May 20, 2022 · 6 min read
What's Next for DeFI?
With markets looking uncertain, DeFi could be in for big changes...
2021 was an explosive year for the DeFi sector. Nansen estimated that the sector’s 2021 growth compared to 2020 was a 1,120% increase by TVL. Ethereum and marketplaces such as OpenSea enabled NFTs to achieve new heights of popularity and utility. Decentralised exchanges like Uniswap and lending protocols like Aave helped crypto assets remain liquid while providing high yield earning opportunities.
(Info from DeFi Pulse. Updated 16/05/22)
Recently however, markets have been less optimistic. DeFi Pulse reports that over the past three months alone, almost $30B has been removed from crypto’s DeFi sector. DeFi TVL now stands at around $58B - down significantly from its all time high of $110B in November 2021. Some protocols have seen greater decline than others. In light of the downfall of Terra’s UST stablecoin and LUNA token, both DeFi users and developers are now wondering what the future will bring for DeFi. And while the future is never certain, some trends are indicative of where the sector might be headed through 2022 and beyond.
One of the most (theoretically) profitable DeFi use cases, yield earning protocols seem unlikely to shrink in 2022. New forks of yield earning pools such as Pickle Finance’s fork of Yearn will continue to be developed allowing DeFi users to earn with their stagnant assets. Interest in yield earning platforms however seems to have followed recent bear market trends. Yearn Finance for example has seen a 50% decrease in TVL on the month - now sitting at $1.3B. This implies that users are pulling funds back into their wallets from what are perceived to be ‘high risk, high reward’ platforms to ‘weather the storm’.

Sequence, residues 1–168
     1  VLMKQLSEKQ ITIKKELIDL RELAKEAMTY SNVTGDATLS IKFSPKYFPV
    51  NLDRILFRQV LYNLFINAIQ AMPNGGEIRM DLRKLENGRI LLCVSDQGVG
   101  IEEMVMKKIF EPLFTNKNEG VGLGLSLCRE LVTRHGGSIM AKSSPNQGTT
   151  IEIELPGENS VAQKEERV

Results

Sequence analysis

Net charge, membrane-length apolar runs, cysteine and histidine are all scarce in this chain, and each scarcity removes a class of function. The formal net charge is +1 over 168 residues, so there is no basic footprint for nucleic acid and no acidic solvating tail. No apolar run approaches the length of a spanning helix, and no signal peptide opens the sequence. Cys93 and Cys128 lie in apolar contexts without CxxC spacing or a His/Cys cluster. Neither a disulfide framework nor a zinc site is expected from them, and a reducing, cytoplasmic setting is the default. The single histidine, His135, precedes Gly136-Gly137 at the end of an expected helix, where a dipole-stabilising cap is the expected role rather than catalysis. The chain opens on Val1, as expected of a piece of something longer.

Info from DeFi Pulse (Updated 17/05/22)
Despite this, new yield earning projects might be born out of the crypto winter. From an innovation perspective, 2022 might bring an increased appetite for yield earning from illiquid assets. Magic Internet Money’s ability to have users stake illiquid ‘ibTKNs’ (interest bearing tokens) might become more prevalent, in addition to NFT staking opportunities. Despite current conditions, DeFi innovation is driven by earning opportunity - and as one of its most profitable use cases, continued interest in yield farming will emerge on the other side.
With the collapse of UST, other stablecoin projects have been experiencing increased volumes (but still remain lower than usual due to market bearish-ness). MakerDAO’s DAI in particular has been performing well in the face of sell-offs. The protocol’s governance token MKR has in fact grown by more than 50% over the past week. Terra’s UST was essentially maintained solely through the ability to burn LUNA to mint UST, (as well as a small treasury of BTC). MakerDAO’s DAI however mints the token using a wide range of collateral - rather than the burning of a native token, effectively distributing the risk across a wider range of assets.